16 Concluding comments Too simplistic to view the cloud as a low-cost security. Legitimate/illegitimate organizations and entities--gaining access to data on clouds through illegal, extralegal, and quasi-legal means. Technological and behavioral/perceptual factors--equal consideration in the design/implementation of a cloud network. New institutions and the redesign of existing institutions needed to confront emerging security and privacy problems. existing institutions are thickening. Privacy and security issues related to the cloud undergoing political, social, and psychological metamorphosis. 16 Addressing security challenges on a global scaleGeneva, 6-7 December 2010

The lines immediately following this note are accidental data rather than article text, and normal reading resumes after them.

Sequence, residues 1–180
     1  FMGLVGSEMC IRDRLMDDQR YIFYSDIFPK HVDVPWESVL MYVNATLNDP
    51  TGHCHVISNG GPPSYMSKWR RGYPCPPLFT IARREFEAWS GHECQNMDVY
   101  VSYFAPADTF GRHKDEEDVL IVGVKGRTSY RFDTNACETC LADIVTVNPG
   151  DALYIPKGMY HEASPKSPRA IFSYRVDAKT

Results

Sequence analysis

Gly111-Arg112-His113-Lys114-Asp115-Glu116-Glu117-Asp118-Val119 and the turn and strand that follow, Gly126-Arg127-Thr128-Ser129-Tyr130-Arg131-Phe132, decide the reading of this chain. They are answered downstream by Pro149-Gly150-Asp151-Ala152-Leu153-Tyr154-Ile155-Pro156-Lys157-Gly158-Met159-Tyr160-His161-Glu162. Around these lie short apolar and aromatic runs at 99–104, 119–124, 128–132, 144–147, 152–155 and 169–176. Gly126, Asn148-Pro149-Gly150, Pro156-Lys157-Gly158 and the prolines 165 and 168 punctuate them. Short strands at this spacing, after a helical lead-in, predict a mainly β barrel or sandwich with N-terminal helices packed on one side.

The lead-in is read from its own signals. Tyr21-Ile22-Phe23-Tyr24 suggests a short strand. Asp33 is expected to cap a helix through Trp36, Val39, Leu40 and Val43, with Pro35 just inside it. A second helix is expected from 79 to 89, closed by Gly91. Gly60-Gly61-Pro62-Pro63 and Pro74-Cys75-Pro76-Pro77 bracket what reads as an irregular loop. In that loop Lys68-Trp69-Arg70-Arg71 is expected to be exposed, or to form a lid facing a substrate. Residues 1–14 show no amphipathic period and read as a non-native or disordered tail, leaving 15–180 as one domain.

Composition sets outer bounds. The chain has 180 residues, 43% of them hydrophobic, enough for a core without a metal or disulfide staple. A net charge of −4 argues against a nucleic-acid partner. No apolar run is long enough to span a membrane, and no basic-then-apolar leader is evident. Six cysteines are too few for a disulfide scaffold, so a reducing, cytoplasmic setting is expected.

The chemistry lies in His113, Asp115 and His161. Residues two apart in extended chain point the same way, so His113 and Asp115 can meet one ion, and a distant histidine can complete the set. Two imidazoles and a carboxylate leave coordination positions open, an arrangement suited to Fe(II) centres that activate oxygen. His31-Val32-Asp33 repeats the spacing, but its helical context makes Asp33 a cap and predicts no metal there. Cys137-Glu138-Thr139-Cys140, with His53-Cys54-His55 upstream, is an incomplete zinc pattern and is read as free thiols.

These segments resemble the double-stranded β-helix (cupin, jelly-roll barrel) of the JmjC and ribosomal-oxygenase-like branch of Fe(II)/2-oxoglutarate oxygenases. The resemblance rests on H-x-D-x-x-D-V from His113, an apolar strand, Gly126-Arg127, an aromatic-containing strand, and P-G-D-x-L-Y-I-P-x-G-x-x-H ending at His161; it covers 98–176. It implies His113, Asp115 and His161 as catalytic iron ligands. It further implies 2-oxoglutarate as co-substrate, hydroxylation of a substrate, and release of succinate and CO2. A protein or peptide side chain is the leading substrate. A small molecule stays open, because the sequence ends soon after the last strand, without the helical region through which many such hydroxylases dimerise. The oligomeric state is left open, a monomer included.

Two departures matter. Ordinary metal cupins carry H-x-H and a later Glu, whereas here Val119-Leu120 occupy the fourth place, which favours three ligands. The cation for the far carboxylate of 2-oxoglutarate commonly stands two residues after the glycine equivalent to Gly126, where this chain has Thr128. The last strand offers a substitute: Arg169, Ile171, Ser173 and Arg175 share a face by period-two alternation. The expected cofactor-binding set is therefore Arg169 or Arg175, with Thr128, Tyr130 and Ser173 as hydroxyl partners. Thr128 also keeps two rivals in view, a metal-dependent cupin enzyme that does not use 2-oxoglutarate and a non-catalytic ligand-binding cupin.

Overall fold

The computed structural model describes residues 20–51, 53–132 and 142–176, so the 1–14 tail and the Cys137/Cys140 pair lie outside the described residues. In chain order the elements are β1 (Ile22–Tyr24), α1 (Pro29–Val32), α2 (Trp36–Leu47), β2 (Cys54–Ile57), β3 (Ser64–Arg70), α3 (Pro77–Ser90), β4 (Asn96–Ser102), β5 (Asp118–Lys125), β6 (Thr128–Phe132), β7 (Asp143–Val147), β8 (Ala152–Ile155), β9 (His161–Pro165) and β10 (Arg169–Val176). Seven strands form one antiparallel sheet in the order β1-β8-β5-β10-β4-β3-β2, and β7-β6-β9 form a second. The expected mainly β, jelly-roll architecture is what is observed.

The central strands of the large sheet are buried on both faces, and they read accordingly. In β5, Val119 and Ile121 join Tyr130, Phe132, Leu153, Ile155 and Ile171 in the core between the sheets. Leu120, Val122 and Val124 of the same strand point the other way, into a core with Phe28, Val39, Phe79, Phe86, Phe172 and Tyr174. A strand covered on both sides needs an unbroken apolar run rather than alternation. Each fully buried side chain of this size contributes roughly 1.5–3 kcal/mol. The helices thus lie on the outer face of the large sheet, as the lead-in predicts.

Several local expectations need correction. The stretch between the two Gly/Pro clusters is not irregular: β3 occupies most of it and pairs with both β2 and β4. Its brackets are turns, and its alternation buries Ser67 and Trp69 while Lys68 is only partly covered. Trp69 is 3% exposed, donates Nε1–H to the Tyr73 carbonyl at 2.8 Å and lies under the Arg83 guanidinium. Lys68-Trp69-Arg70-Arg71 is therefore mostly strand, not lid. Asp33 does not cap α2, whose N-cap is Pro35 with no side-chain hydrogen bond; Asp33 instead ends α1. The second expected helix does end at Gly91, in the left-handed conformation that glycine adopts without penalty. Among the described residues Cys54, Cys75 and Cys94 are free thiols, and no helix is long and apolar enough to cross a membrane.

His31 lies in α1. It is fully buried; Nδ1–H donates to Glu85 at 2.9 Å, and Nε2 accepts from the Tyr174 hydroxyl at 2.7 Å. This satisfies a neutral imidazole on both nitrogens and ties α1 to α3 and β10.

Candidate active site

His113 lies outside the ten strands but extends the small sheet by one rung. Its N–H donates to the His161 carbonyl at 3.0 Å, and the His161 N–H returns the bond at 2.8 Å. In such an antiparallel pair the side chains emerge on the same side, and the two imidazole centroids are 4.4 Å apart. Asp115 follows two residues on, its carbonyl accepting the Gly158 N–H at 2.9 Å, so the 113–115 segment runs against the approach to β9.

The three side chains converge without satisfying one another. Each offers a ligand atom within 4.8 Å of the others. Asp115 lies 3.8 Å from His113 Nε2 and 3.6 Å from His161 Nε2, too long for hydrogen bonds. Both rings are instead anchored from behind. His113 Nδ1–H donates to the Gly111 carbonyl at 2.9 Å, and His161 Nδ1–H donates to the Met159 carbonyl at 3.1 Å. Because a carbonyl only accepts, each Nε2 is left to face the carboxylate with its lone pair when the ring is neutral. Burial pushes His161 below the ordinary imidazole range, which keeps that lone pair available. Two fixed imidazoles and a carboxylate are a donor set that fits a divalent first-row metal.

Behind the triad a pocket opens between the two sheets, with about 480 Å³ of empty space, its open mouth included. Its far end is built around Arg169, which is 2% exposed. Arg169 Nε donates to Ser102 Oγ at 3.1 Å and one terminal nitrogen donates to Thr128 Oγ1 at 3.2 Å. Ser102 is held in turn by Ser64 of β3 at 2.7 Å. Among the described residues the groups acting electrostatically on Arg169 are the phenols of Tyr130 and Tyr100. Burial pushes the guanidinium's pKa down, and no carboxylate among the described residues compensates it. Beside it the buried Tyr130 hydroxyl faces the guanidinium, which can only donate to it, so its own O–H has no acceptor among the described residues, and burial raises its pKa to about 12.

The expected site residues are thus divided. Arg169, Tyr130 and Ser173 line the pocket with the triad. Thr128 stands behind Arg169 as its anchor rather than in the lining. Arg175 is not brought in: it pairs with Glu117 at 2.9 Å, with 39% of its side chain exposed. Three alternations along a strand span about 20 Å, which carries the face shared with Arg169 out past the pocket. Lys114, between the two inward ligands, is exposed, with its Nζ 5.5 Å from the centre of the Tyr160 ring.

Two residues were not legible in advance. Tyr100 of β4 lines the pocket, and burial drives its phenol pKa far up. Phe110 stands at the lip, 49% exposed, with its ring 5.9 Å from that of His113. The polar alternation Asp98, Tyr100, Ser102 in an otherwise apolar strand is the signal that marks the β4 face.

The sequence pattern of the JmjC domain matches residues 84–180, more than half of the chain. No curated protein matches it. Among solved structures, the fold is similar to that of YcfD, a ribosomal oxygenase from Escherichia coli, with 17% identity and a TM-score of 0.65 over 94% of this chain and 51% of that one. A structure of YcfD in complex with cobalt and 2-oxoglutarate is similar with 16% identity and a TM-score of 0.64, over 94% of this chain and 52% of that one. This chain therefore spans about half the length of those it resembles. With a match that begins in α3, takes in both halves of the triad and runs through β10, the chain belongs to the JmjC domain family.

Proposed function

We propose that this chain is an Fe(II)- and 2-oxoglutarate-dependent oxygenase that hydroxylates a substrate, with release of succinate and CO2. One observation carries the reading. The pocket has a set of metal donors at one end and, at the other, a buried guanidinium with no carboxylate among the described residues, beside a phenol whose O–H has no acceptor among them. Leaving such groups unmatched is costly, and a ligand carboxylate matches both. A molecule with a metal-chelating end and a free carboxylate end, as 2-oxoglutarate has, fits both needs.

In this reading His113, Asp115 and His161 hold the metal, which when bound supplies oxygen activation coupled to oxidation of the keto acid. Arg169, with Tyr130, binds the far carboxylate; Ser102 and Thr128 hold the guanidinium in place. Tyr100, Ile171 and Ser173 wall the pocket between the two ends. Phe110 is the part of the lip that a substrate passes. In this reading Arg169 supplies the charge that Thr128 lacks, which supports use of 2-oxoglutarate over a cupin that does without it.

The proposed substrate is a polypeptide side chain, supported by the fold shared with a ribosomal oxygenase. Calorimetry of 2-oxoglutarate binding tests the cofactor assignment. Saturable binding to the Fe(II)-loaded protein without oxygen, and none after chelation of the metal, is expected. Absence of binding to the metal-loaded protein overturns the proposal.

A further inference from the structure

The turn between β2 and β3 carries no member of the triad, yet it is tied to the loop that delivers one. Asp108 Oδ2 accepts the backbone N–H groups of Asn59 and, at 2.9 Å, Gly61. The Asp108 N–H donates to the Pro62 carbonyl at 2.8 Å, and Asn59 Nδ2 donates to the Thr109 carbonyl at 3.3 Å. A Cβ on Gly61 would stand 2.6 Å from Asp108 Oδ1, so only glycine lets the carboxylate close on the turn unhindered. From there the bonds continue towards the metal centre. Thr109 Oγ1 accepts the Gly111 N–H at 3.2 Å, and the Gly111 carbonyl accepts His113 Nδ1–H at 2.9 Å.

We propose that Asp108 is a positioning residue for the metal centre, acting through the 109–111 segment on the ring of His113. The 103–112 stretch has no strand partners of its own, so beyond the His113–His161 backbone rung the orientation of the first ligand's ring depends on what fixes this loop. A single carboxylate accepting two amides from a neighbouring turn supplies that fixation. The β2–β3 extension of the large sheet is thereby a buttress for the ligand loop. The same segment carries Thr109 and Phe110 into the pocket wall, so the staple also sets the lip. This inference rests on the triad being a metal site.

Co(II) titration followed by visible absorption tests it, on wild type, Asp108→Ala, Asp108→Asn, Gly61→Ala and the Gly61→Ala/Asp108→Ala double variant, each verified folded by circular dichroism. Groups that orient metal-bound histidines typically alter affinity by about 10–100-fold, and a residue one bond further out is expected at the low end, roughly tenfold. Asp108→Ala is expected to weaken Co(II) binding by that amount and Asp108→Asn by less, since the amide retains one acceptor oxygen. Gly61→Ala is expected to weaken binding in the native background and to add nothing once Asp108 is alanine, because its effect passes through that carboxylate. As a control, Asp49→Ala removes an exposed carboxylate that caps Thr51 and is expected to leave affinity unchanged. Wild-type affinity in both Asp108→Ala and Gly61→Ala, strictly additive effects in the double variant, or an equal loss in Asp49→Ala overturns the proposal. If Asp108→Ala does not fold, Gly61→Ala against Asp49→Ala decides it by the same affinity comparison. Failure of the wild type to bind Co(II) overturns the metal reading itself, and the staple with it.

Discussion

17 References Armbrust, M., Fox, A., Griffith, R., Joseph, A. D., Katz, R., Konwinski, A., Lee, G., Patterson, D., Rabkin, A., Stoica, I., & Zaharia, M. (2010). A View of Cloud Computing. Communications of the ACM, 53(4), Bottoms, A. E., &Wiles, P. (2002). Environmental criminology. Oxford Handbook of Criminology, 620–656. Brodkin, J. (2010). 5 problems with SaaS security. Network World, 27(18), Brynjolfsson, E., Hofmann, P., & Jordan, J. (2010). Cloud Computing and Electricity: Beyond the Utility Model. Communications of the ACM, May 2010, 53(5), Dawkins, R. (1982) The extended phenotype. Oxford University Press. Information Warfare Monitor/Shadowserver Foundation (2010). Shadows In The Cloud: Investigating Cyber Espionage 2.0, Joint Report: Information Warfare Monitor Shadowserver Foundation, JR , April 6, Kshetri, N. (2010). Cloud Computing in Developing Economies. IEEE Computer, October, 43(10), McCafferty, D. (2010). Cloudy Skies: Public Versus Private Option Still Up In The Air. Baseline, 103, Mullins, R. (2010). The biggest cloud on the planet is owned by... the crooks: Security expert says the biggest cloud providers are botnets, March 22, 2010, available at Accessed July 24, NIST (2009). Vulnerability Summary for CVE , 08/21/2010, The US National Institute of Standards and Technology, available at Owens, D. (2010). Securing Elasticity in the Cloud. Communications of the ACM, Jun 2010, 53(6), Talbot, D. (2010). Security in the Ether. Technology Review, 113(1), Taylor, M., Haggerty, J., Gresty, D., & Hegarty, R. (2010). Digital evidence in cloud computing systems. Computer Law & Security Review, May 2010, 26(3), Addressing security challenges on a global scaleGeneva, 6-7 December 2010